Initial jobless claims

Initial weekly unemployment claims for September 18, 2010

I hate initial weekly unemployment claims as an economic metric. It is a volatile number, subject to revisions, and has much statistical noise. That said, every single week, over and over, we are simply not seeing initial unemployment claims really drop. One has to wonder where all these people are coming from and has every single American at this point been fired from a job?

Initial weekly unemployment claims for August 14, 2010

While initial weekly unemployment claims is a volatile number, subject to revisions, today's report is not good news. Initial weekly unemployment claims hit the magic number, 500,000. From the jobless claims report:

In the week ending Aug. 14, the advance figure for seasonally adjusted initial claims was 500,000, an increase of 12,000 from the previous week's revised figure of 488,000. The 4-week moving average was 482,500, an increase of 8,000 from the previous week's revised average of 474,500.

Below is the log of initial weekly unemployment claims, so one can get a better sense of the rise and fall of the numbers. A log helps remove some statistical noise. As we can see we have a step rise during the height of the recession, but then a leveling, not a similar decline and now this increase. This does not bode well for any sort of real recovery, which must include jobs.


initial claims aug 14 log


Below is a graph of initial weekly unemployment claims since November 2009. As you can see, we're literally back to 10 months ago.


initial claims aug 14 10 months


Initial weekly unemployment claims for July 31, 2010

The financial headline buzz du jour is all about initial weekly unemployment claims, which increased by 19,000. Why the U.S. jobs crisis is suddenly alarming news, when we and many other economic blogs have been sounding the alarm for years, is anybody's guess. Last week we showed, initial unemployment claims are simply too high and have stayed that way for months. Another alarming sign is the Challenger & Gray Job Cut report. Announced layoffs rose 6% from last month, the 3rd month in a row announced layoffs increased.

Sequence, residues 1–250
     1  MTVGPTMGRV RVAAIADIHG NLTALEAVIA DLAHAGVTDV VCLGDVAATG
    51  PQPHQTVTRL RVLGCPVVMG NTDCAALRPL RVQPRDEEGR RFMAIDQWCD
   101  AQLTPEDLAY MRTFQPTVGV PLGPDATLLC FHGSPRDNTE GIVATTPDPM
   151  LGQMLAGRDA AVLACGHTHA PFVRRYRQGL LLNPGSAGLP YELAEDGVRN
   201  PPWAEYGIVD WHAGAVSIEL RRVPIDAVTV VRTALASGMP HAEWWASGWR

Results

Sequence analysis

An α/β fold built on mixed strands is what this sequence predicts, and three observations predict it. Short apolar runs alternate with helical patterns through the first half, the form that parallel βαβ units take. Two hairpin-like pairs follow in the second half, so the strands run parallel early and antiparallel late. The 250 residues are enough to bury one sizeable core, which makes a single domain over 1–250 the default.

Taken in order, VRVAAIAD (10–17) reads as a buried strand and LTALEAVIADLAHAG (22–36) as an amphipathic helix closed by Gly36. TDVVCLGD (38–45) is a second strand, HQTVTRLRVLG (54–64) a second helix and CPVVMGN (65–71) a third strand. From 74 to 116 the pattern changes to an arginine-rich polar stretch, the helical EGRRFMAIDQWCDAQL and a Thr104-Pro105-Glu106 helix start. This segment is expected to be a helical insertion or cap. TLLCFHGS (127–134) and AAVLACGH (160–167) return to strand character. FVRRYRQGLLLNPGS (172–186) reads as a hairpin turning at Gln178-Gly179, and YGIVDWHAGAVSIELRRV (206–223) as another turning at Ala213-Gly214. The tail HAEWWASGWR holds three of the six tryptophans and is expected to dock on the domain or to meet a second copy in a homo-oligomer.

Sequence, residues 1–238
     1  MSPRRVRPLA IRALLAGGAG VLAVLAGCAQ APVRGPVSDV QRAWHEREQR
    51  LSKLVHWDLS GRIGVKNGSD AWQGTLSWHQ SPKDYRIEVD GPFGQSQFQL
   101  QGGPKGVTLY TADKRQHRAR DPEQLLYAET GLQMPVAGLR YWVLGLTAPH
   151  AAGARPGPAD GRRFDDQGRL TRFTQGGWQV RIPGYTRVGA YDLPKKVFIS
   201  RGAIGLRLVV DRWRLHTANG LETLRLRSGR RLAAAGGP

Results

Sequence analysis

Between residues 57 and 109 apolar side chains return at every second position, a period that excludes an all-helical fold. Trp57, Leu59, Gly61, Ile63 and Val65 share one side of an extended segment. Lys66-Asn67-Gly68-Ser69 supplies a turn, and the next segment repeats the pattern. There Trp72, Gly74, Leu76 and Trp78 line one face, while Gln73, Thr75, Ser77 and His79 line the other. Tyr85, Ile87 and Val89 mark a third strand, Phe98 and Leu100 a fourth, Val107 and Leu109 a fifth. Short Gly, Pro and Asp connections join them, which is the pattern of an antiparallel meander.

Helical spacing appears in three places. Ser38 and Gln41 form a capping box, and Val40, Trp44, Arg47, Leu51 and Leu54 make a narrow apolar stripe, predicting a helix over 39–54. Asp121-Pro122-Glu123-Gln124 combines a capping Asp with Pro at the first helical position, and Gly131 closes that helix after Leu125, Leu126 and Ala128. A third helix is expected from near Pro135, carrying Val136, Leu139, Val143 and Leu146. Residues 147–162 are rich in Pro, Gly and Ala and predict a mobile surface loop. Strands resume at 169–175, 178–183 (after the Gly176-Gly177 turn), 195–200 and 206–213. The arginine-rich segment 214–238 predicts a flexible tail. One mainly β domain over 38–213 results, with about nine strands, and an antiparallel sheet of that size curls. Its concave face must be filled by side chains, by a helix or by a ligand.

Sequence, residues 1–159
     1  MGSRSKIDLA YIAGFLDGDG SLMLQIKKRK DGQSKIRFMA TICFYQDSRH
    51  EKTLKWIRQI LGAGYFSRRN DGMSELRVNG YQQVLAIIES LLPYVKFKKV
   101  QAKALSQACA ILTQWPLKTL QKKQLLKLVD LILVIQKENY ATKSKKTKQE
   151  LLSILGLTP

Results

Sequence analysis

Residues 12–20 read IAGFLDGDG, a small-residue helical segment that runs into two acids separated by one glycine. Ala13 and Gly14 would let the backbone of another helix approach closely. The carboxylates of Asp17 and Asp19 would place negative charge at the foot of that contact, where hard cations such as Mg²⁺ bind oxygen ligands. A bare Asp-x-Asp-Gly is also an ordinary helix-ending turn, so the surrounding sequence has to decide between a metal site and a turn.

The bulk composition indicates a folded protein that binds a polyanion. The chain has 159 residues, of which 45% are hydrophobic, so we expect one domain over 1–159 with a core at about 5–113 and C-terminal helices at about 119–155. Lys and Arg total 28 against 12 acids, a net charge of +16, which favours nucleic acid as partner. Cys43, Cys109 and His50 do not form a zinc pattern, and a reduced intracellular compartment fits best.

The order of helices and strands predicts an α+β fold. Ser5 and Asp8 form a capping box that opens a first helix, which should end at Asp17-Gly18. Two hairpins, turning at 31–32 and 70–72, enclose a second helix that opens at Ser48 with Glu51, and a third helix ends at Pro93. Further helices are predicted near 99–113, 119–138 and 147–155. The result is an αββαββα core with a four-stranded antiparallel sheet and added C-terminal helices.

So far this year, the government and non-profit sector has announced 105,969 job cuts, nearly triple the next largest job-cutting sector: the pharmaceutical industry, which has announced 37,010 job cuts, 30 percent fewer than at this point last year.

Initial weekly unemployment claims for July 24, 2010

Initial weekly unemployment claims is a volatile number, subject to revisions. Regardless the below graph shows a disturbing trend in weekly initial unemployment claims, they simply are not going down to pre-recession levels. The 4-week average on initial unemployment claims is as high as April 2010.



About that weekly initial unemployment claims report

One might see blazing headlines that initial weekly unemployment claims for March 25, 2010 dropped 14,000 to 442,000. But note the below, contained in the press release:

This week's release reflects the annual revision to the weekly unemployment claims seasonal adjustment factors. The historical factors from 2005 forward have been revised.

From 2005 they revised the data? What kind of yearly seasonal adjustment is that?

Then from MarketWatch we have (looks like someone got on the phone?)

Latest figures reflect annual revisions to the data that put claims 10,000 lower than they would have been under the old methodology, a Labor official said.

Without the annual revision, claims would have totaled about 453,000

Initial weekly unemployment claims for January 25, 2010

Initial weekly unemployment claims increased 22,000 to 496,000. There is a lot of statistical noise in initial weekly unemployment claims and one can guarantee this number will be revised. So why is this important? We're seeing a trend at this point and it's increasing, not decreasing as the green shooters, cyclical folks believe it would.



The 4 week moving average since the start of this recession: